Honestly, I do get a little miffed when hearing complaints about motherhood. It’s the same miffed I get when hearing employees who work in customer service complain about customers. I mean, I wouldn’t complain about headaches associated with driving big rigs across the country because I wouldn’t take on a career, or job I wasn’t passionate about.
And I know. I know. Not everyone has the perspicacity to know where their ultimate passions loll. It’s not easy trying to reconcile passions, with eking out a means of survival… without complaints… otherwise defined as existing in relative comfort. You’ve got to really be in tune with yourself to beat the outside noise and move in the direction of what keeps your harmony equalized.
As it would be, motherhood is not a vocation we can stick our toe in to test the water. Stick one toe in, even if it’s a pinky toe, and produce so much as one child; desire or no desire, or passion or no passion… that mother…like it or not… is getting immersed in the call to motherhood. It’s why, miffed as I often get, I do empathize with mothers likening motherhood to demeaning tasks perpetuated as having no value... or marginal value. I hear it a lot, often vented so innocuously many don’t realize what’s really being conveyed. ‘I love my children, but don’t want to be stuck in the house cooking, cleaning...’ …and what this message really is saying is, this is not a job worthy of respect.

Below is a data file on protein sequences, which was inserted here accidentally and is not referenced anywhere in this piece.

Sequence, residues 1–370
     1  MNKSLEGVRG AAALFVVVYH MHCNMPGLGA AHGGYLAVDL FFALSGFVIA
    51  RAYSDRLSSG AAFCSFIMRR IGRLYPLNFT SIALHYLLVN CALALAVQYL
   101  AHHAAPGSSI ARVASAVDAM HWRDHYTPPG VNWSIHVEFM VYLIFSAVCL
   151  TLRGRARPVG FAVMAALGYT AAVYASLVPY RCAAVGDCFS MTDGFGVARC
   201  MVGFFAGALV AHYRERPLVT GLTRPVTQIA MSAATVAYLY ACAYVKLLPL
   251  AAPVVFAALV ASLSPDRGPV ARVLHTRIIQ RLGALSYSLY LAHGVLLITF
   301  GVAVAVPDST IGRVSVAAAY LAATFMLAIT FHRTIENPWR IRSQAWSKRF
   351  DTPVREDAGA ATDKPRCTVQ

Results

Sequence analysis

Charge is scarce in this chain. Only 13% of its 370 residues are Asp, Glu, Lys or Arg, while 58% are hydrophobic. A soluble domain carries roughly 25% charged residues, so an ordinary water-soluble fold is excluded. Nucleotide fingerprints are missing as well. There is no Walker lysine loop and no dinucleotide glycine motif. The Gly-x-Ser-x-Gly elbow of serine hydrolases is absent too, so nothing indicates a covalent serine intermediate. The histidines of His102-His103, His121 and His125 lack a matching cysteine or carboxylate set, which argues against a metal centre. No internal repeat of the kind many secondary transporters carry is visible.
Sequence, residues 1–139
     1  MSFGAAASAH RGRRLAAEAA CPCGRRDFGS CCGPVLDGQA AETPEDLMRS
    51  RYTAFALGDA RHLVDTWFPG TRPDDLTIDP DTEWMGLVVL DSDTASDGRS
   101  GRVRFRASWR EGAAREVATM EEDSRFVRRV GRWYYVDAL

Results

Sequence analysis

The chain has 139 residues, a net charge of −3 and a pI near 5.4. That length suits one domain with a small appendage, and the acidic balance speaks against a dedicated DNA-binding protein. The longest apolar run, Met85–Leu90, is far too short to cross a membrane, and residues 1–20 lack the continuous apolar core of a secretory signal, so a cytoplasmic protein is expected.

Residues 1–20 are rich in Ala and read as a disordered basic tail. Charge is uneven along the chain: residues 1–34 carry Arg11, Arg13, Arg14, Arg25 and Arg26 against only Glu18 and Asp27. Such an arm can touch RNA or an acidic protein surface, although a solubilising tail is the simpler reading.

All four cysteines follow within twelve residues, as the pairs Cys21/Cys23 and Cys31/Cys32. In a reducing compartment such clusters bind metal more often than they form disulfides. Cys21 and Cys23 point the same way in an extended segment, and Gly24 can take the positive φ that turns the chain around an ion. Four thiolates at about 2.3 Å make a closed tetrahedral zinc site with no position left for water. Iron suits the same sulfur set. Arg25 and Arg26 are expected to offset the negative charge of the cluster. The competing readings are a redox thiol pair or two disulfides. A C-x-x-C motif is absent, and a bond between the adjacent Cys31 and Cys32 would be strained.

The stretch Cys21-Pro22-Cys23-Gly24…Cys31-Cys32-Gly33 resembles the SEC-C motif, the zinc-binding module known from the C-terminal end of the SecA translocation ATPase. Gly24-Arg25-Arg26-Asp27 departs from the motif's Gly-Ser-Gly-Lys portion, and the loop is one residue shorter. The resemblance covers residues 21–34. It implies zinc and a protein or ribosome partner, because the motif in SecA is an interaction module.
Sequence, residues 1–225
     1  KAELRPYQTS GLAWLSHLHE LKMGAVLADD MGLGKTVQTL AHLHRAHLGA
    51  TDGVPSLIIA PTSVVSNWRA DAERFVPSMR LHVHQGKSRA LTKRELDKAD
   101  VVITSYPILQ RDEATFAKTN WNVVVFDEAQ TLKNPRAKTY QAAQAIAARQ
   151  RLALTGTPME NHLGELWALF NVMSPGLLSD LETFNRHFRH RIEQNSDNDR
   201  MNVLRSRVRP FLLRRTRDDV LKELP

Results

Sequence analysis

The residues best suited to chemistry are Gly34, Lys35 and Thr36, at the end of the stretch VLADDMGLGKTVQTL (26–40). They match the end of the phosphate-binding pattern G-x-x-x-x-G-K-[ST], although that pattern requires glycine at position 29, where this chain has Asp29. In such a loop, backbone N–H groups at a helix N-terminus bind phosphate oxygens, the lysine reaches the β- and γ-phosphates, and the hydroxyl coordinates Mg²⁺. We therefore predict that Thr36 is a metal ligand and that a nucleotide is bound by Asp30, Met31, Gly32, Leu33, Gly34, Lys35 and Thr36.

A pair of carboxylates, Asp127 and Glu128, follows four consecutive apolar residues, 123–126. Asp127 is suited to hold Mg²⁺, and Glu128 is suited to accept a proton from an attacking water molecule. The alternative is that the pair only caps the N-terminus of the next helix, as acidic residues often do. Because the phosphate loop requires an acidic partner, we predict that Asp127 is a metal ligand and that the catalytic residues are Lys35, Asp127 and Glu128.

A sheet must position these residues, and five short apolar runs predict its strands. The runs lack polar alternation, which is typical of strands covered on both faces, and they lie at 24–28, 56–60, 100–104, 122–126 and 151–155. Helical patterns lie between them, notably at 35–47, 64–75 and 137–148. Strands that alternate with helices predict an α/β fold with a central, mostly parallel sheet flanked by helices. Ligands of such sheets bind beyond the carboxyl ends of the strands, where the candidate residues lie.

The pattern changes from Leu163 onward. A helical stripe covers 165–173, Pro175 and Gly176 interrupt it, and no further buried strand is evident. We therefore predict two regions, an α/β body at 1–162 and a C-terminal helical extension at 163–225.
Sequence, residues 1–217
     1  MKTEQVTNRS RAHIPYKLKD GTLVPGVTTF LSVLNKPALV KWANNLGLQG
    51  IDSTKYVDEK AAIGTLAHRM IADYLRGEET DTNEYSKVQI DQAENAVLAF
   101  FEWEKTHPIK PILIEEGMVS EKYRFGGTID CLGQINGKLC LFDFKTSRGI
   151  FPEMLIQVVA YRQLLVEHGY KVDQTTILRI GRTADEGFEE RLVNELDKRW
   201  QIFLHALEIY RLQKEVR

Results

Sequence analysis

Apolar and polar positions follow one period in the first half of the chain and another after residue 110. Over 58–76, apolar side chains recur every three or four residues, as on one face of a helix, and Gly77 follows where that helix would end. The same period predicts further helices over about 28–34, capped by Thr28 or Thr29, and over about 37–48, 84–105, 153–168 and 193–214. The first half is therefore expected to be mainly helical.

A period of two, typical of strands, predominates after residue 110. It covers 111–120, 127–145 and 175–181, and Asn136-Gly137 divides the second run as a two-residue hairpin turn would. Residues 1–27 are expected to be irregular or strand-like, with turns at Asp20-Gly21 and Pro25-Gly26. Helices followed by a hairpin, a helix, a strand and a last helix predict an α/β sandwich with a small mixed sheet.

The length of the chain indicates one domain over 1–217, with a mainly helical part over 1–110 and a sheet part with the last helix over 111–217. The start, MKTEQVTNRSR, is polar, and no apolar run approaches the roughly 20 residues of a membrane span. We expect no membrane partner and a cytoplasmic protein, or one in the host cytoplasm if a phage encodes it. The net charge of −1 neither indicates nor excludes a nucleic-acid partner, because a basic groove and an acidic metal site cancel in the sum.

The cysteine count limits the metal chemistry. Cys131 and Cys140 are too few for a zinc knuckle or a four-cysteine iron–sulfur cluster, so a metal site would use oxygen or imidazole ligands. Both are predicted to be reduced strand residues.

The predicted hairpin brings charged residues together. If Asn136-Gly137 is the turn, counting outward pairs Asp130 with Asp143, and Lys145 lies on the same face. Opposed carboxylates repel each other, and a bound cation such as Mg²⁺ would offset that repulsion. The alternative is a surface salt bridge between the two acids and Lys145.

A favorite quote by Dr. Martin Luther King Jr., was “If a man is called to be a street sweeper, he should sweep streets even as a Michelangelo painted, or Beethoven composed music or Shakespeare wrote poetry. He should sweep streets so well that all the hosts of heaven and earth will pause to say, 'Here lived a great street sweeper who did his job well.”
Of course, I’d take that quote a whole foot further. Service engineers who physically keep our streets and communities clean, ranks at the top of valuable vocations. Aside from picturing what our surroundings would look like without people called to do jobs that receive no ovations, any job that serves mankind is valuable. Motherhood, as it so happens, out ranks them all.
Like I always say, without people, and that being people raised by mothers who love and are committed to every faucet of their work, knowing it is the most important charge in the world, are the true wings behind every vocation we hold up to a light. There would be no need for doctors, lawyers, scientists, service engineers, teachers…and the list goes on…extending as exhaustive as a mother’s responsibilities. We need mothers, and more so, mothers devoted to motherhood.
I just finished reading My Life, My Love, My Legacy by Coretta Scott King, a wonderful memoir…which I had no doubt… and as well read I Chose to Stay by Salome Thomas-EL, another commendable memoir.
Happy Mother’s Day!